Every morning I enjoy coffee and a newspaper. I usually check the sports page first, so I don’t have to think too much while I’m waking up. We read the Los Angeles Times so several days a week Bill Plaschke gets me worked up about how the Lakers blew their latest recruiting negotiations or how a too-old soccer player now coaches a team of marginalized girls that normally would never get to play. The coach’s motto is, “If you can play, you can play.” The coach provides rides, shoes, uniforms and family counseling as needed. I don’t always agree with Plaschke, but he can sure liven up my day.
If I have time, I also read Steve Lopez and Robin Abcarian. Lopez can get me riled up over some shenanigan like members of the Coastal Commission meeting with builders in secret or how to help a gifted musician who lives on the streets due to mental illness. I am in awe of how skilled Lopez is in coming up with interesting topics each and every week, doing hours of research or interviewing, and then putting his ideas on paper. To make myself clear, I don’t always concur with Lopez, but he certainly makes me look at issues through a wider lens.
Abcarian is even more adamant about her version of right and wrong. She can lay out her case better than most lawyers and even if you start out reading her articles with distaste, pretty soon you find you have to agree with many of her well-written points.
The LA Times has a long history of producing numerous award-winning articles. Barbara Davidson wrote about innocent victims trapped in LA’s crossfire of deadly gang violence. The Times exposed the corruption in the small city of Bell in 2011, and Diana Marcum wrote a series on how California areas were dealing with extreme drought. Steve Lopez stuck his neck out again when he compared the lives of LA’s declining middle class and the growing class of super-rich. This list of great newspaper writers only adds to the long-held belief in the power of print.
My love for newspapers started when I was very young, and my brother and I would fight over the “funnies.” Then I added Ann Landers to my required reading as my mother thought Landers had the answers to all life’s problems. In high school, I took the school newspaper class, and then the following year became the editor. Because of this activity, my high school teacher recommended me for a summer job with our local weekly paper, the Lindsay Gazette. This job started out with me being (ha, ha) the society editor. This meant I wrote about weddings, celebrations, engagements, births and all the other really important news stories. Believe me, it was not a happy event if I printed a name wrong or left anything out.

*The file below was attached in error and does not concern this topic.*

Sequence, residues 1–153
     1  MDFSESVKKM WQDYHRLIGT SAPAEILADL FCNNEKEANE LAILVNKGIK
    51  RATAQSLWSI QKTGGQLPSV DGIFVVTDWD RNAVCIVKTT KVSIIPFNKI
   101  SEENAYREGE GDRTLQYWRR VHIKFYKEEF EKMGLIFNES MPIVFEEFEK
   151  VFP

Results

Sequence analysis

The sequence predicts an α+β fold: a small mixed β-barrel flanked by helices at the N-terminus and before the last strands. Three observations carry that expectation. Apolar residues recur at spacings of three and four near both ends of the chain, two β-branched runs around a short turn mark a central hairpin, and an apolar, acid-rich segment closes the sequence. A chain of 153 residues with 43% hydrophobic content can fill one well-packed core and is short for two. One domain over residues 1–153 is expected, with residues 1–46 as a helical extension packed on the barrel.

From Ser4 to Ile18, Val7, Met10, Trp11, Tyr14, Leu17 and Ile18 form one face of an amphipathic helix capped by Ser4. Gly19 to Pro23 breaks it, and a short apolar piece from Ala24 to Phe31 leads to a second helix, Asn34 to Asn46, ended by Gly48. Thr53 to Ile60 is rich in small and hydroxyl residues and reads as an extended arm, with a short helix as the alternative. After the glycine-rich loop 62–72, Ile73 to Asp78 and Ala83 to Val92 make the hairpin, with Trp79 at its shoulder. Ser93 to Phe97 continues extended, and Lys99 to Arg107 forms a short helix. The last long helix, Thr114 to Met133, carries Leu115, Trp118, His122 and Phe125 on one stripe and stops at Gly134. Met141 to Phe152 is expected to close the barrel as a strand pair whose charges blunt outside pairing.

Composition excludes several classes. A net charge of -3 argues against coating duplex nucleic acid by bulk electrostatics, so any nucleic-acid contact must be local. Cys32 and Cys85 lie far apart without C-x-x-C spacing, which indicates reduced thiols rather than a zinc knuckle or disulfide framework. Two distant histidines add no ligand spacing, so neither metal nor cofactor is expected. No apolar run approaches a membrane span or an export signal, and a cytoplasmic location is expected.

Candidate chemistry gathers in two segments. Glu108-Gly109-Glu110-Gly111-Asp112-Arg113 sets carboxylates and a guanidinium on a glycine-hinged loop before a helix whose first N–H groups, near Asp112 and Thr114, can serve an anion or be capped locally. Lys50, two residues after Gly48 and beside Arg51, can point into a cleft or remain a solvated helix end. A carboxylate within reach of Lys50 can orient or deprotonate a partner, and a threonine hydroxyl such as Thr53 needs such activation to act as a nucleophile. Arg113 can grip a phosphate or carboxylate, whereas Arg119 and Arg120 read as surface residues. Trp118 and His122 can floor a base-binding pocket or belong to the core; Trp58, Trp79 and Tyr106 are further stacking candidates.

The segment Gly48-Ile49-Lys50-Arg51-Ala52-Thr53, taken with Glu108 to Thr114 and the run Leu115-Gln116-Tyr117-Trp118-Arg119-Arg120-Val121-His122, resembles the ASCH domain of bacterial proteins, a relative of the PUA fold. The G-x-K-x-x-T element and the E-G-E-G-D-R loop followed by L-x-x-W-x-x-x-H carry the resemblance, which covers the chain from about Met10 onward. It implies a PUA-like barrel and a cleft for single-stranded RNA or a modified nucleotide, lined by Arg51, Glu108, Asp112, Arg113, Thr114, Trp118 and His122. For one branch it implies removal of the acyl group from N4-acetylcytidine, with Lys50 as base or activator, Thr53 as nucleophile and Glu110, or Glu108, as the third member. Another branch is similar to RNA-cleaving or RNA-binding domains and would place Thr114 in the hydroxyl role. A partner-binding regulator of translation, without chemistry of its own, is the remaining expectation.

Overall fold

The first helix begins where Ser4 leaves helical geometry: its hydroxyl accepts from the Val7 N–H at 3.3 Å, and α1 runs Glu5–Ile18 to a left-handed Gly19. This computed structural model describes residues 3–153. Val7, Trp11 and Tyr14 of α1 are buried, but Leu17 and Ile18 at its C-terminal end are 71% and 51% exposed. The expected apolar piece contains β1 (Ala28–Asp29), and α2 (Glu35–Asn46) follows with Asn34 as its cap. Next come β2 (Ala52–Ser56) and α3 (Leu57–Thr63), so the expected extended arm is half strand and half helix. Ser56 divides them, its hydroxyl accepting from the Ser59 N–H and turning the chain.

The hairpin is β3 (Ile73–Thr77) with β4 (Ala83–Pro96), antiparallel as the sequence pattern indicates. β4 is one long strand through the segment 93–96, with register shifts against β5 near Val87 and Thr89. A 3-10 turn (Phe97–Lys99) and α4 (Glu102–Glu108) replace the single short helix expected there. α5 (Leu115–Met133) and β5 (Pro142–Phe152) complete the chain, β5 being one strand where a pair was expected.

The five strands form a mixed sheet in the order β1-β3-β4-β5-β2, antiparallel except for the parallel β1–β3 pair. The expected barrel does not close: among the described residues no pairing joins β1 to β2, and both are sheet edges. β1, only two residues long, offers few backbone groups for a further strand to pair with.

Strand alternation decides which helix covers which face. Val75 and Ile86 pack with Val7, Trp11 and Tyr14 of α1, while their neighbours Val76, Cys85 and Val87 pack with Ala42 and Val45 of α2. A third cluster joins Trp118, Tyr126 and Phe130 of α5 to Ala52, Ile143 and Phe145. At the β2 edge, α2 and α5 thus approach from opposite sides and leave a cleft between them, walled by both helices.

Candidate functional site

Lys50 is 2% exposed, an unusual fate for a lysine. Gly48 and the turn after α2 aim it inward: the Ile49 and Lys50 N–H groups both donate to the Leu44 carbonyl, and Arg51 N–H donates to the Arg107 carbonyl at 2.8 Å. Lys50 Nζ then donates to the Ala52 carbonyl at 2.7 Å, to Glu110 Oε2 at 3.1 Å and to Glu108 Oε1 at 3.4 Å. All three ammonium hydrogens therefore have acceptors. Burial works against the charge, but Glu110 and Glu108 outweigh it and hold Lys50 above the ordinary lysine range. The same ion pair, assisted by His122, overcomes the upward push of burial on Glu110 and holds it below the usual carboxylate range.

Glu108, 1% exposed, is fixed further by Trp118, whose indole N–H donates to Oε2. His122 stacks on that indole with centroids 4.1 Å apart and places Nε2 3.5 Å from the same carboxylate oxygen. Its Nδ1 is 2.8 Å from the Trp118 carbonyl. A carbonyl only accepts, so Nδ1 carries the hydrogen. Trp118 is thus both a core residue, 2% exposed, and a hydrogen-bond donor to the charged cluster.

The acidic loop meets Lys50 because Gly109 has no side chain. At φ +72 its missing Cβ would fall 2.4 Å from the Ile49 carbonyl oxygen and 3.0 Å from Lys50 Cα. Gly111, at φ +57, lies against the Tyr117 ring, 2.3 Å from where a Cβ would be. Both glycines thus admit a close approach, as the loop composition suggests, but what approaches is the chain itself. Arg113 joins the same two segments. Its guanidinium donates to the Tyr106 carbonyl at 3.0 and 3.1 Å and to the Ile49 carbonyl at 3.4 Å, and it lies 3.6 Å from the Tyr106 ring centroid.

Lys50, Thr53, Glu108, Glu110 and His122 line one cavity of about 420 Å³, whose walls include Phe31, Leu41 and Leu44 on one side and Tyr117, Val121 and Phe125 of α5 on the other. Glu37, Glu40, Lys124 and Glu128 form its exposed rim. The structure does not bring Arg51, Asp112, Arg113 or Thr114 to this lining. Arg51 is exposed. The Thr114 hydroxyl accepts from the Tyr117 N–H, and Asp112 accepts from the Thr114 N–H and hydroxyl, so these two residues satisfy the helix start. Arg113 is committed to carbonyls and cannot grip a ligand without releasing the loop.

An older gentleman, the retired editor of the paper, still came around most days, and he decided to enlarge my usefulness. He taught me the basics of taking pictures that would look good in the paper. I had to write my own headlines, do my own paste-up to fit my printed items in each of my society pages, and learn how to keep my viewpoints out of my articles. I got to write about the swim team, Ginger Rogers performing in “Hello Dolly” in Fresno, school board meetings and the library. I was never asked to write an editorial as no one seemed convinced a high school student had any opinions worth sharing. I hate to say it, but they were probably right.
Today more and more young people think news and books are online or streamed or are digitally available. But I like absorbing the news and that takes time. I can skim read and get the basics of most articles or columns, but I want to think and mull over the ideas and information I’m reading. No, I don’t spend six hours each day reading every word in the LA Times or the Coastal View News, but I pick and choose and try to keep up with the world, evaluate issues, find places to add to my travel list, and decide which movie I have to see next.
Now, as to which paper is the most important, I think locally it’s the community paper. In our case, the Coastal View News. How many Carpinteria families have cut out and saved a picture of their children that was printed in the Coastal View? How many letters to the editor have you read? How many Halos and Pitchforks have you mulled over? How many local issues have you chewed on and argued over because these issues were covered by local people? How many citizens have been honored because of their charitable deeds?
Let’s take a moment to raise a toast to our own editors and writers that work week after week on getting us the “scoop.” Leave it to Thomas Jefferson to supply me with a good ending quote, “Were it left to me to decide if we should have a government without newspapers, or newspapers without a government, I should not hesitate a moment to prefer the latter.”